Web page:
5. The use of drones to transport medicine such as insulin in remote regions and in times of natural disasters is on the rise. In addition, medical drones have demonstrated success for blood, defibrillator and organ delivery in several countries.
  6. The use of mobile private networks (MPN) in hospitals is also gaining significant interest, as they offer high reliability and high security on campus. Potential use cases include asset tracking and monitoring patient flow to better manage throughput and capacity.

IoT is poised to solve a host of issues within the healthcare system. A common but unaddressed need around asset management of consignment stock in hospitals is one of those issues. Often manufacturers will retain ownership of medical equipment or devices until they are used, and typically they don’t know how much of the stock is available or what condition it’s in. For instance, a surgical kit is made up of different components, but it’s difficult to know what needs to be replenished when. IoT can automate this process.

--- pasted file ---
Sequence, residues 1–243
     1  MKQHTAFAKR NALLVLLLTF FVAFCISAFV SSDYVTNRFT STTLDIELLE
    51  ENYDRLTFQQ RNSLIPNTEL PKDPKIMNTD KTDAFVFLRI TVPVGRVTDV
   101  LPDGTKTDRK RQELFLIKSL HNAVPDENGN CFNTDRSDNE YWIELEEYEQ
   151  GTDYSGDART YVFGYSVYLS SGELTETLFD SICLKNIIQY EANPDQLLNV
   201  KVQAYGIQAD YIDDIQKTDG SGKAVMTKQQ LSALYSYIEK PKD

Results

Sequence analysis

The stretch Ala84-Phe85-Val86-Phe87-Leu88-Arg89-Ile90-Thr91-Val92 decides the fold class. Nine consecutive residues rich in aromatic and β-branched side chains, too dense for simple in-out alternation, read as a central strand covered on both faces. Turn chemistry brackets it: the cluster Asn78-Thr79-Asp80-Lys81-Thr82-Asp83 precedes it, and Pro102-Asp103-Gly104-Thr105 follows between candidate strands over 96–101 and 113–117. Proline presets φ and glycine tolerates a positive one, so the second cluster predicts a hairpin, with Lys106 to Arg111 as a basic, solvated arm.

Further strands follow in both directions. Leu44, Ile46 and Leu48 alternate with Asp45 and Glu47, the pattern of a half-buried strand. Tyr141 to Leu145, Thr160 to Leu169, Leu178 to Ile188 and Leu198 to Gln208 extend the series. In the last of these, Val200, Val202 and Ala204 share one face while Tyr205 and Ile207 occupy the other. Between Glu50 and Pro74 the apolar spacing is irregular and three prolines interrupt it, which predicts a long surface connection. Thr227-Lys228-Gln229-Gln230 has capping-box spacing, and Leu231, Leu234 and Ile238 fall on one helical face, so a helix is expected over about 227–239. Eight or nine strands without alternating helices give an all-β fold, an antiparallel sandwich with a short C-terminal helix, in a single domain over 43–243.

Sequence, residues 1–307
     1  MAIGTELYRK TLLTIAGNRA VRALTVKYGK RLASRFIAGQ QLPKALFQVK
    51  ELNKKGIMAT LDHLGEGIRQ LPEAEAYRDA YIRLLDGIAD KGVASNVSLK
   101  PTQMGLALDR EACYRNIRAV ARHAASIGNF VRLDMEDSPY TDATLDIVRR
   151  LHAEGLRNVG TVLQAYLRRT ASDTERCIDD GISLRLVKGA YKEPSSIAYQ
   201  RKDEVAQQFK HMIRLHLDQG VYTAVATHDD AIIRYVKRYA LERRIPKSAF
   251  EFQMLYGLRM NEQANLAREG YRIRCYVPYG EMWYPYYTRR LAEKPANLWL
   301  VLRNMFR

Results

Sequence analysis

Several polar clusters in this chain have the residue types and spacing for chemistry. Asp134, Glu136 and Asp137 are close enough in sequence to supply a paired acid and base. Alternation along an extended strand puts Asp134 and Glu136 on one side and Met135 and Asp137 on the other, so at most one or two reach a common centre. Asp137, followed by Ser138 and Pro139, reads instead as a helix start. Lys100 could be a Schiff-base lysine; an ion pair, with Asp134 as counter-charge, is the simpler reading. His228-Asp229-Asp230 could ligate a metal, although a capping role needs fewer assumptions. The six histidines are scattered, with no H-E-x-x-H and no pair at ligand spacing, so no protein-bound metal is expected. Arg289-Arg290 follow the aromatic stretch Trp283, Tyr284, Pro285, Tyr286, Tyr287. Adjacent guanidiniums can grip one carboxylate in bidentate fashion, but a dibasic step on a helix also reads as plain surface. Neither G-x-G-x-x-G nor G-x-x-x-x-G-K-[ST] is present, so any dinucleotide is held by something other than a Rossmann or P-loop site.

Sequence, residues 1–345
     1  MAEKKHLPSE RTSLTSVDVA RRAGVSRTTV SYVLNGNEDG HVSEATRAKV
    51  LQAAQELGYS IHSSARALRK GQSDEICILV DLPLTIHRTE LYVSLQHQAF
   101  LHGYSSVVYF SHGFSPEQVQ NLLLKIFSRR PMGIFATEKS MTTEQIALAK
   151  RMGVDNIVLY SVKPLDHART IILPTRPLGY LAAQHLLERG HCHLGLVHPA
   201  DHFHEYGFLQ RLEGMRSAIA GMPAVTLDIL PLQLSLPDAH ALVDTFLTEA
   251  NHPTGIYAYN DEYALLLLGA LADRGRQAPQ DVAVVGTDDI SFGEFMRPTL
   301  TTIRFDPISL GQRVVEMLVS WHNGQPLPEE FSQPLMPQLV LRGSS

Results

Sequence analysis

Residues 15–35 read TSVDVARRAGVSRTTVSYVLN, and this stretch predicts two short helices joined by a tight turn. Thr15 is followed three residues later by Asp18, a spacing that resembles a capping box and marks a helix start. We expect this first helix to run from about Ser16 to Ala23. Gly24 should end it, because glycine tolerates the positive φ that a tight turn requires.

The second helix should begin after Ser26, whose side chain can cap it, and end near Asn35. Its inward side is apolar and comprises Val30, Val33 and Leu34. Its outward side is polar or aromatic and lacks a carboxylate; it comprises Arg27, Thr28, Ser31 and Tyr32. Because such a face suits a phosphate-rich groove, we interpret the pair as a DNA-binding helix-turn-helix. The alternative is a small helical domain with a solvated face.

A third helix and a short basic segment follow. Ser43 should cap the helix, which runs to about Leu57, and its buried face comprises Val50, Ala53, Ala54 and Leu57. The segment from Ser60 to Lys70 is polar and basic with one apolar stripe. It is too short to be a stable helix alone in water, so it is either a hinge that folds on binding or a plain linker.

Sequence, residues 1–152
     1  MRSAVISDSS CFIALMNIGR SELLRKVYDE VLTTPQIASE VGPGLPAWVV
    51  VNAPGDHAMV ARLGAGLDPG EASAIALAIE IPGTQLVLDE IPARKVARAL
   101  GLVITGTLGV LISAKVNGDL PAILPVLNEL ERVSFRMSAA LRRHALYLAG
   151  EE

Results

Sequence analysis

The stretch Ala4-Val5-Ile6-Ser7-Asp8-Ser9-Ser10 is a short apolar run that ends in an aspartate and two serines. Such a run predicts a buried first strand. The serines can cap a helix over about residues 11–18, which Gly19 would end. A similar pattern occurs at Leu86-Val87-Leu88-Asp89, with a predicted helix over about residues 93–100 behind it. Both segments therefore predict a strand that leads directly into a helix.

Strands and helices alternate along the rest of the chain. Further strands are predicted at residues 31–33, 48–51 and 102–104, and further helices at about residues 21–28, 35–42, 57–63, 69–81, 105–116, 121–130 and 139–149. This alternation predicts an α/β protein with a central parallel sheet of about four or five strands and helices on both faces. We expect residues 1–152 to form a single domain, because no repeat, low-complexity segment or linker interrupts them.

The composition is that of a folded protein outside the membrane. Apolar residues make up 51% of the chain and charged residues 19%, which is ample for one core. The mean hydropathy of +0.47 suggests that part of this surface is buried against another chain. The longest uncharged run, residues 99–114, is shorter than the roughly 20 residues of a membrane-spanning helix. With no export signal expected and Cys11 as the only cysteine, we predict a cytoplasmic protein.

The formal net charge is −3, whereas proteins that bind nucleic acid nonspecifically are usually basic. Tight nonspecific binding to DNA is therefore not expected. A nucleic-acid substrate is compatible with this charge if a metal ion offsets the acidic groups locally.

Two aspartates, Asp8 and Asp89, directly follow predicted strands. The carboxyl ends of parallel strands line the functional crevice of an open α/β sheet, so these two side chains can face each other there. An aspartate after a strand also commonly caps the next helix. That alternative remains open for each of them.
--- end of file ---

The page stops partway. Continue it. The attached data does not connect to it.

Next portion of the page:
Even more with 5G

No conversation about digital healthcare is complete without a mention of 5G. While many of the examples mentioned run on today’s networks, 5G will open up further opportunities. Its high speed and reliability can support high resolution image transmission for rapid decision making in hospitals or in cases where remote diagnostics are needed. Even more, remote surgery will be possible.

In the meantime, as we slowly emerge from the global pandemic, the learnings from healthcare will surely inform future infrastructure and IoT will be at the core.

All IoT Agenda network contributors are responsible for the content and accuracy of their posts. Opinions are of the writers and do not necessarily convey the thoughts of IoT Agenda.